Kunkel recalls these events with great detail, but also with a sense of humor. It’s easy to be pulled into the story right away. It’s not at all a chronology or biography, but rather how he remembers these events.

One of the differences between war movies and real life is that movies are filmed on a controlled set, everything goes as scripted and planned. Real life in Vietnam meant that a sense of order diminishes as soon as the action starts. He credits his intense training for keeping him and others in his unit alive; he feels they were better prepared than most.

“I feel like I completed a chapter in my life that started when I retired,” Kunkel says of having his book published now. “It occupied much of my life.”

Kunkel spent about 18 years on his memoir, mostly during the winter months.

Now that this big project is done, perhaps he’ll have more time to enjoy some of his favorite things: playing cribbage with his two brothers, hunting and fishing, and enjoying quiet time at their cabin up North.

Kunkel met Eileen Wagner just months before he was drafted, in 1966. She knew of him; the Kimball area is a small community, really. They mostly got to know each other through writing after he left for the Army.

When she learned he had been wounded, she made a phone call to his hospital in Japan. Back then, remember, making such a phone call was a major ordeal.

She was among those who met Kunkel at the airport when he returned. He was a different man after his experiences in Vietnam. It was maybe that guy, she says, she got to know after he came home. They dated for about a year before marrying and raising a family.

Bob has a strong, type A personality, Eileen says. She believes that’s part of how he got through his PTSD; he’s able to control some of it.

One lingering effect of his two months in the hospital in Japan at Christmas time: he can’t stand the materialism of Christmas, and won’t put up lights or do shopping; that’s all left up to Eileen. And there’s one Christmas song in particular that he really can’t stand to hear. You’ll just have to read the book to see which song that is.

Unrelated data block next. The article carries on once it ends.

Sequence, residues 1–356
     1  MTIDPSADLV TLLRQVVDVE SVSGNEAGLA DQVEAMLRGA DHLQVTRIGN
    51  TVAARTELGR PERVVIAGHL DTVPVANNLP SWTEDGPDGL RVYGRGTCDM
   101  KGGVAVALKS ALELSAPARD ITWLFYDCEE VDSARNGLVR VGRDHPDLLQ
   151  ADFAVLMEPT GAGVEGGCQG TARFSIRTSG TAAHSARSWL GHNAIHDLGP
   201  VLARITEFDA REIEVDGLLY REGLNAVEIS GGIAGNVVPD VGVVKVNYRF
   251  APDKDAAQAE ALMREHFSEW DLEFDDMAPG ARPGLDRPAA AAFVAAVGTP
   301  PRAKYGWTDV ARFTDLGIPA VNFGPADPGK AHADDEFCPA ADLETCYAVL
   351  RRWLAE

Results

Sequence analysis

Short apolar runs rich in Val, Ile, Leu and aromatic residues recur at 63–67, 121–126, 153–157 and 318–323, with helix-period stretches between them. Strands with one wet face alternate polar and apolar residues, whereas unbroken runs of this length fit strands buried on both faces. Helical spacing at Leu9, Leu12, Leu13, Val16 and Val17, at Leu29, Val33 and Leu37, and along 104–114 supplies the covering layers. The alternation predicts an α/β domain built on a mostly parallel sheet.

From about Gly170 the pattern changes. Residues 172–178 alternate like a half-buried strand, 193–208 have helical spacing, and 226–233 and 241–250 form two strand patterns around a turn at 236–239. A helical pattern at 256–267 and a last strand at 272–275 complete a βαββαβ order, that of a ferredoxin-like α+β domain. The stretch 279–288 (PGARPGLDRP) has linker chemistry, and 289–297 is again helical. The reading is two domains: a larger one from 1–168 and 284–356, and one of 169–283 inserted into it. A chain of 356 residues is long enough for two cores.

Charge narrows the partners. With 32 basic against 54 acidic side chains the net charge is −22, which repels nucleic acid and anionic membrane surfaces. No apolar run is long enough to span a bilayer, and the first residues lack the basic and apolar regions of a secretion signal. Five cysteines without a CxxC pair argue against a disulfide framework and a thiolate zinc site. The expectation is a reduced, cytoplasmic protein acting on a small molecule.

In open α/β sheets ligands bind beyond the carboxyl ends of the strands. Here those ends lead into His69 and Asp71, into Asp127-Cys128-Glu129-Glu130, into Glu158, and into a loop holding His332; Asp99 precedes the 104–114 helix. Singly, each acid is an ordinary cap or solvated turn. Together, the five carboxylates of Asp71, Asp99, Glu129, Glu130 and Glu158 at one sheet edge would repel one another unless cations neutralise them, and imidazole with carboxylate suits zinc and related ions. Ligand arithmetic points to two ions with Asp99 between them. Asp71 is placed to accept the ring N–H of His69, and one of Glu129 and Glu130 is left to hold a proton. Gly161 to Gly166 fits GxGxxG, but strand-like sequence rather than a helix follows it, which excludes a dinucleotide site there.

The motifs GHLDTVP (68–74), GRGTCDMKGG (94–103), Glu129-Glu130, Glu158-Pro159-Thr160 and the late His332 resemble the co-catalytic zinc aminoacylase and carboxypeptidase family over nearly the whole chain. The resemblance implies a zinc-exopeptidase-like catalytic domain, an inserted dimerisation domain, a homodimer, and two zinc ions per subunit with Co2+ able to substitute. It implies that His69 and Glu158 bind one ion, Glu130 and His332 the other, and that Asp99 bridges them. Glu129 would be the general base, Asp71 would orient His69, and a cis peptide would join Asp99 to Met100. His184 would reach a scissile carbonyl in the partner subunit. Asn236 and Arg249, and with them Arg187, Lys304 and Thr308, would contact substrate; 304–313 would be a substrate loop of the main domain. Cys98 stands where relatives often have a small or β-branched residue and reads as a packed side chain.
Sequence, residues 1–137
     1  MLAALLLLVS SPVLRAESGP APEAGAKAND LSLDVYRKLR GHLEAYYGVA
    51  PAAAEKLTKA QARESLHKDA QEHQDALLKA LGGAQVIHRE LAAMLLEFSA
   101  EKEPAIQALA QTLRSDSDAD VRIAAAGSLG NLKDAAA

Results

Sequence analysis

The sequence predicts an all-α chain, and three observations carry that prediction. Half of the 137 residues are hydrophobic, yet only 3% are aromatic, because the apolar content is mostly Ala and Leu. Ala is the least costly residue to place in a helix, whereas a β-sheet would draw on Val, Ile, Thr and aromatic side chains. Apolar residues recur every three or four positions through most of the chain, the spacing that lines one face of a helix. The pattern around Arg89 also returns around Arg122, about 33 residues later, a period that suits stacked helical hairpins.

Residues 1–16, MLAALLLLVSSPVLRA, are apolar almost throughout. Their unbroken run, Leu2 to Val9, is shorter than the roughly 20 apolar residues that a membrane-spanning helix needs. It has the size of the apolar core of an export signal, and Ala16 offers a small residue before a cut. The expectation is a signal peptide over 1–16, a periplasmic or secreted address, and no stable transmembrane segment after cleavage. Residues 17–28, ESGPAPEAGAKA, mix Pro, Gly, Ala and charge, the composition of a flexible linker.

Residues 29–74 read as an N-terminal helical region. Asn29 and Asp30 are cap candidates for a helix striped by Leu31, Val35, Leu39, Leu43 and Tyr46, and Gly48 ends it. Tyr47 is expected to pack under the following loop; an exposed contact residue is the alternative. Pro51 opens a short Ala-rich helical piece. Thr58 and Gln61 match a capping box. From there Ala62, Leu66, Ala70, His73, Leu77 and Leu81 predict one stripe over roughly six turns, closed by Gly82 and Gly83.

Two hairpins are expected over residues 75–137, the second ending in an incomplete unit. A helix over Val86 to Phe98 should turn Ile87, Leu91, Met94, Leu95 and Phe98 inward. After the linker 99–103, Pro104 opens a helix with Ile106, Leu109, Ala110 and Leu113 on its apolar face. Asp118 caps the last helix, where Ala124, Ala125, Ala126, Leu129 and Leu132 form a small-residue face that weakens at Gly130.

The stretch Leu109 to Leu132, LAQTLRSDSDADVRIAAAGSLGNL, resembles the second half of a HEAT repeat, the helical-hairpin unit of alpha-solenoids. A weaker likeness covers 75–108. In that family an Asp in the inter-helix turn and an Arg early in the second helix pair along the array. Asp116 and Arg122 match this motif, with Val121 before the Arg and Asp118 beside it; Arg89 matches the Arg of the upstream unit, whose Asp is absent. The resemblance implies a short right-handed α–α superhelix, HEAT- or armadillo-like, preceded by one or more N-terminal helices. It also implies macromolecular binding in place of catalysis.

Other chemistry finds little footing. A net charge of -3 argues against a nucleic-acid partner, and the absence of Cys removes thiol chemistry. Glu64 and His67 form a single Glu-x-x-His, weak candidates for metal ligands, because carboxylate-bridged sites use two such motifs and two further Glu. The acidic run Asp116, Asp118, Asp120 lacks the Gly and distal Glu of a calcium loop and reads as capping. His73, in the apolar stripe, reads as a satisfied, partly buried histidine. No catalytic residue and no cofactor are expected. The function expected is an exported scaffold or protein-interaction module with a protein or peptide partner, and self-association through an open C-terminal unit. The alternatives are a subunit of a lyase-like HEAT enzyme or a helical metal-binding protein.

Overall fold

Eileen is very happy that he completed the memoir and now the book, saying it was therapy for him. She just wonders why it took him so long.

Walking Point: A Vietnam Memoir is available for purchase at Amazon.com. Versions for Kindle and Nook will soon be available as well. There are a few copies for sale at the Tri-County News office, and Bob will have copies with him at book-signings and appearances. The book is a total of 480 riveting pages with 71 images.

09/26/2018
Successful event for local author

As young men, Bob Mobley, Bob Kunkel, and Tom Mathies all boarded a bus in St. Cloud heading for Army boot camp. Though separated after training, they are still good friends 50-some years later. Staff photo by Jean Doran Matua.

By Jean Doran Matua, Editor

A book-signing event was held with local author Bob Kunkel Friday evening, Sept. 21, at Triple R Grill & Bar in Kimball.

Well over a hundred people came to greet Kunkel and have him sign their books. The side room at Triple R was filled with people most of the time, with lots of reminiscing among old and new friends.

Among those who turned out were two of Kunkel’s Army boot camp buddies, Bob Mumford and Tom Mathies. Both are mentioned in the book, but you’ll have to read about their exploits there.

A big “thanks” to everyone who came out to make Kunkel’s very first publicity event such a great success!

If you missed it, you can still get a copy of “Walking Point: A Vietnam Memoir” on Amazon.com, from the author, or at the Tri-County News office.